Fund focuses on developing Black CEOs

Hundreds of students attend recruitment conference in D.C.


WASHINGTON – In an effort to increase the relevancy of historically Black colleges and universities (HBCUs), the Thurgood Marshall College Fund (TMCF) redesigned one of its signature programs to cultivate Black industry leaders at the corporate level.

Johnny Taylor is president of the Thurgood Marshall College Fund, an organization that helps students at HBCUs excel.(NNPA NEWS SERVICE)
Johnny Taylor is president of the Thurgood Marshall College Fund, an organization that helps students at HBCUs excel.  (NNPA NEWS SERVICE)

Johnny Taylor, president and CEO of TMCF, a HBCU membership group focused on increasing access, retention and graduation rates of students and creating a pipeline of high-qualified graduates for employers, said that the group got off base with its leadership program.

“We kept getting people entry-level jobs,” said Taylor. “We were getting people that could get in and work as an analyst at Wells Fargo instead of looking for that kid that showed the potential to become a CEO or a president of a division or a senior vice president of Wells Fargo.”

CEOs, board members
According to research conducted by Richard Zweigenhaft, a psychology professor at Guilford College in Greensboro, N.C., though Blacks account for more than 13 percent of the U.S. population, only 6.8 percent of board members of Fortune 500 companies are Black.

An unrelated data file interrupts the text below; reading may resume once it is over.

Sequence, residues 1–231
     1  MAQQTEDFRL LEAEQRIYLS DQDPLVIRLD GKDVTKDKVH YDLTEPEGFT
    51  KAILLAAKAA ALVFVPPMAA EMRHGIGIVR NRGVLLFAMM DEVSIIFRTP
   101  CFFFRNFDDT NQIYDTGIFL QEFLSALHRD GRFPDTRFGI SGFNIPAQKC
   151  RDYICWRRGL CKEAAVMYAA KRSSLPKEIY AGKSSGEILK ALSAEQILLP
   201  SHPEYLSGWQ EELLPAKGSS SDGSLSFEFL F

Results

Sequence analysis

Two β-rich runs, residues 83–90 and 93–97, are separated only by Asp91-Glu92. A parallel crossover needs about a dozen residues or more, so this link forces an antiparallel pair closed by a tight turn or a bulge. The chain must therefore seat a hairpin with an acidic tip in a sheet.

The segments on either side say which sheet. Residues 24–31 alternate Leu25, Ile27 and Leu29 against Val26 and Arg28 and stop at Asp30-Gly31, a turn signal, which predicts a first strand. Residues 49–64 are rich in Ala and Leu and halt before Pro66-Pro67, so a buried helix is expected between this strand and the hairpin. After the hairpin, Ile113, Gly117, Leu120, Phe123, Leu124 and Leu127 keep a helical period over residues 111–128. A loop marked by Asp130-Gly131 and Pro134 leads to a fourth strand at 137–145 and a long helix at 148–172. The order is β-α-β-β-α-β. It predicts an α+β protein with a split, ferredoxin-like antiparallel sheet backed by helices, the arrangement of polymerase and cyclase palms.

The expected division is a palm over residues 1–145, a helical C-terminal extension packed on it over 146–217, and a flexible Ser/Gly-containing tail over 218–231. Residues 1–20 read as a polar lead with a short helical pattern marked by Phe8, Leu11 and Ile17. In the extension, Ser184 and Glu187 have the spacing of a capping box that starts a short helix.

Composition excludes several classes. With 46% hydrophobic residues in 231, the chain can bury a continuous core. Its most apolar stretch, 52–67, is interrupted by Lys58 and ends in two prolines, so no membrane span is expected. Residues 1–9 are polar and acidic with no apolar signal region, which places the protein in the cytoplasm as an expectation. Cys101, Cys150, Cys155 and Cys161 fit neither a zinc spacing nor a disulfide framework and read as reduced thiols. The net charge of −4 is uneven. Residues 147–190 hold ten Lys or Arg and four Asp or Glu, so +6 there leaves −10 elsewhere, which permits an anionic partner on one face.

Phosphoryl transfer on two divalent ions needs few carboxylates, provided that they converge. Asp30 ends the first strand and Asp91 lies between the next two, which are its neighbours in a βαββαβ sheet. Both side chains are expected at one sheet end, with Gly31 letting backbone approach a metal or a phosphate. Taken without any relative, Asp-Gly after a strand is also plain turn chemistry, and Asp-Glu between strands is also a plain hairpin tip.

DiversityInc, a publication that advocates for corporate and workplace diversity, reported that “there are six Black CEOs of Fortune 500 companies, accounting for 1.2 percent of all Fortune 500 CEOs.”

“I can give you a 100 people to go work in your call center, then, ‘Bam!’ your numbers, say ‘I got a hundred more Black people,’ but that doesn’t solve the problem,’’ Taylor noted.

He added that TMCF’s Leadership Institute, at its core, is serious about identifying HBCU students who have the ability to be leaders in major corporation. The Leadership Institute is the premier recruitment conference held each year for public HBCU students. This year’s conference was held Nov. 8-12 in Washington, D.C.

Future leaders identified
Using assessment tools developed by the Gallup Organization, a polling and survey research firm, and conducting one-on-one in-person interviews, TMCF identified students that “have the skills, the mindset, the tenacity to be successful in large organizations on leadership tracts,” said Taylor.

“And if we start doing what we should be doing and identifying them and grooming them and introducing them to companies like MillerCoors and to other major corporations, 20 years from now these people will be running organizations and no one will be able to question whether or not HBCUs need to exist.”

TMCF hosted nearly 500 student scholars at the Leadership Institute’s annual conference. Students attended workshops and sessions on financial literacy, diversity and inclusion, personal leadership branding and career readiness.